Friday, September 18, 2009

30 Things About My Invisible Illness You May Not Know

1. The illness I live with is: bipolar1, bulimia nervosa, COE

2. I was diagnosed with it in the year:1998

3. But I had symptoms since:1992-4 from memory

4. The biggest adjustment I’ve had to make is: learning to manage my moods in a way that i am able to do things that i want to, determining what normal functional eating is.

5. Most people assume: that people with bipolar spend alot of time in hospital, are non-compliant, are unable to work full time or study. Most people assume people with bulimia are under psychiatric care when it is actually extremely difficult to access, regardless of insurance. I've pretty much tried all treatment that is available...clinics, group therapy, meds, OA etc etc. Stats on the success of treatments are generally pretty woeful actually.

6. The hardest part about mornings are: Getting up as I often sleep poorly due to early waking syndrome.

7. My favorite medical TV show is: Doc Martin

8. A gadget I couldn’t live without is: ventolin inhaler actually

9. The hardest part about nights are: restless leg syndrome, early waking insomnia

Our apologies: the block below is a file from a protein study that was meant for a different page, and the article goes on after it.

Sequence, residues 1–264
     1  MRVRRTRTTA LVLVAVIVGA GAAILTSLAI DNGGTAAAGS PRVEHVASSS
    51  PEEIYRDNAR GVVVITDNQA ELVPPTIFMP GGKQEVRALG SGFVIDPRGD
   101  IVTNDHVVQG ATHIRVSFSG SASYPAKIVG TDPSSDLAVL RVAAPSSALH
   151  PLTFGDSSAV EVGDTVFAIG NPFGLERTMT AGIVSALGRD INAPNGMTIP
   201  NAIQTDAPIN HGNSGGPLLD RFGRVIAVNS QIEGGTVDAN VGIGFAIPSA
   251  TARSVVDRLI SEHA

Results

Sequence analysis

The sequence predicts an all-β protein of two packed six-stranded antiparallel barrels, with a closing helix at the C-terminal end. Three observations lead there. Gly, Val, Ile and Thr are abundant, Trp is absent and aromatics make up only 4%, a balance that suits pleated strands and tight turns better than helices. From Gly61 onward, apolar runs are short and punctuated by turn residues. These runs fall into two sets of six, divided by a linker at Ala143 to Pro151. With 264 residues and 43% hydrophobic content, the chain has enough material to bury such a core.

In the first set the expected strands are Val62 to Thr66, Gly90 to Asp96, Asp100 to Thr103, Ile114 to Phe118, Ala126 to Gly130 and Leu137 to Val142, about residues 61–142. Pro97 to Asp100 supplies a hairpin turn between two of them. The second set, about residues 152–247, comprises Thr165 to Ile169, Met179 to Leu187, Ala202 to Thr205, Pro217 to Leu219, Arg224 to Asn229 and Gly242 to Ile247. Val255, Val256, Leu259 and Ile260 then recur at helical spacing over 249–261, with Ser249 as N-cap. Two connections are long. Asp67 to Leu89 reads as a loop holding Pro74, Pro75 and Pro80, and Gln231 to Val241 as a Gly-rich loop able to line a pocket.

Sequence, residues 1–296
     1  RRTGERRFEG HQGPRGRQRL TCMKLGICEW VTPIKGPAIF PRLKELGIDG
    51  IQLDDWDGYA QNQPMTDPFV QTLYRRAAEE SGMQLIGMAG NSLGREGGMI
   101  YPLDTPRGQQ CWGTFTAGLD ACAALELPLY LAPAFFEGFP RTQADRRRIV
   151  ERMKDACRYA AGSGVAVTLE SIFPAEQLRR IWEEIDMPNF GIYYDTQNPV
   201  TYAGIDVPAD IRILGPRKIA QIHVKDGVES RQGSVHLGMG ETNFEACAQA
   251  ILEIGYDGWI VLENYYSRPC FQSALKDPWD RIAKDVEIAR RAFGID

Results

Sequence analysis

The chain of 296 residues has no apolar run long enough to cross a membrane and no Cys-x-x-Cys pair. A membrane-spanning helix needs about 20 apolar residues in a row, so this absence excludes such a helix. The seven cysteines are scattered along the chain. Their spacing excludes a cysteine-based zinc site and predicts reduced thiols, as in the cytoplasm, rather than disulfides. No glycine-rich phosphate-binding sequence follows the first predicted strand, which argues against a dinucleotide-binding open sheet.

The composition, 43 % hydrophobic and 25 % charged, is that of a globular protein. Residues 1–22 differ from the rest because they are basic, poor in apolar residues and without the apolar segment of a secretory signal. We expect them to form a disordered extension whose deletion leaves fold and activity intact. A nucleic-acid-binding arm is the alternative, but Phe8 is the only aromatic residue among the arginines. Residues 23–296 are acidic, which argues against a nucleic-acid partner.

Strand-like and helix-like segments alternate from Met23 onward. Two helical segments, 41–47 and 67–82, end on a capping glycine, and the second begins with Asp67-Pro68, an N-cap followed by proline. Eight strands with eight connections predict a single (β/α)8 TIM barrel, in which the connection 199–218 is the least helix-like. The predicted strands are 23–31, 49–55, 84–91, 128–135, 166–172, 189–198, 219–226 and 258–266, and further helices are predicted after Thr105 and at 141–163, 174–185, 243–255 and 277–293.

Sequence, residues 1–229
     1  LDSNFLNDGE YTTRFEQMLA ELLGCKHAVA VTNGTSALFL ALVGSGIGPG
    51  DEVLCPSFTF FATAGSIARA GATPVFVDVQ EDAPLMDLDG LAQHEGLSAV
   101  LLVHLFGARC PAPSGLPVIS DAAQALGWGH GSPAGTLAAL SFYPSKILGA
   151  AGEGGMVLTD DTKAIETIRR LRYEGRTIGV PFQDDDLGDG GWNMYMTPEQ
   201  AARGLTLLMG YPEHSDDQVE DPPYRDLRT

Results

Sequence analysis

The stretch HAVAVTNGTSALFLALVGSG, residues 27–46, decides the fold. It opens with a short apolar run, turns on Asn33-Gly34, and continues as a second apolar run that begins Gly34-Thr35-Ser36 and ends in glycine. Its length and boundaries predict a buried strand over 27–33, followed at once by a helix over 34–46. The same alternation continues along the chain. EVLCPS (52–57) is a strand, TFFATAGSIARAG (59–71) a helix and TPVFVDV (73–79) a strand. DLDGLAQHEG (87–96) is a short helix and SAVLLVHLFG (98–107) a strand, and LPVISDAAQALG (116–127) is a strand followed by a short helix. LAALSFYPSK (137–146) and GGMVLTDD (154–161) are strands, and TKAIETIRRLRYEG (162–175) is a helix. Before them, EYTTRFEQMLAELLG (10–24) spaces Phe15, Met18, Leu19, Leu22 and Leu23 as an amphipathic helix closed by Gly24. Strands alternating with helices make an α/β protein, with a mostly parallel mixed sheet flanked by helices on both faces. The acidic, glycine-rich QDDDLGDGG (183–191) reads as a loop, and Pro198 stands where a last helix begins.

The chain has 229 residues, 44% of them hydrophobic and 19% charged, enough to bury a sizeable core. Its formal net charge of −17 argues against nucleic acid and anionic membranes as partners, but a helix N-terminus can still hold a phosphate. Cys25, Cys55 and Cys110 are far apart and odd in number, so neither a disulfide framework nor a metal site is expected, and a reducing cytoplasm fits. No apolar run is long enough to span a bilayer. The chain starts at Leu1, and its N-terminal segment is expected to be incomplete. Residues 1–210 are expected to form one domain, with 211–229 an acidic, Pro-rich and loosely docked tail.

10. Each day I take 6 pills & vitamins.

11. Regarding alternative treatments I'm a big fan yet i get aliented by those who are anti-psychiatry and at people who assume bipolar can be treated without medication. I currently see a hypnotherapist for help with my eating (which is no where near as severe as it was in its hey day I hasten to add). I also find exercise helpful.

12. If I had to choose between an invisible illness or visible I would choose: not sure really, maybe something more visible would make me feel less guilty. Bulimia is very much an invisible illness, until I visit the dentist that is :).

13. Regarding working and career: both are extremely important to my wellness.

14. People would be surprised to know: I still am unable to predict the onset of depression despite my best efforts! Lots of fat people have eating disorders, it's not simply a case of eating the wrong foods all the time. I've met many women in their 60's who still have eating disorders, sadly.

15. The hardest thing to accept about my new reality has been: Letting people down when I am unable to commit to plans I have made in the past. Letting myself down.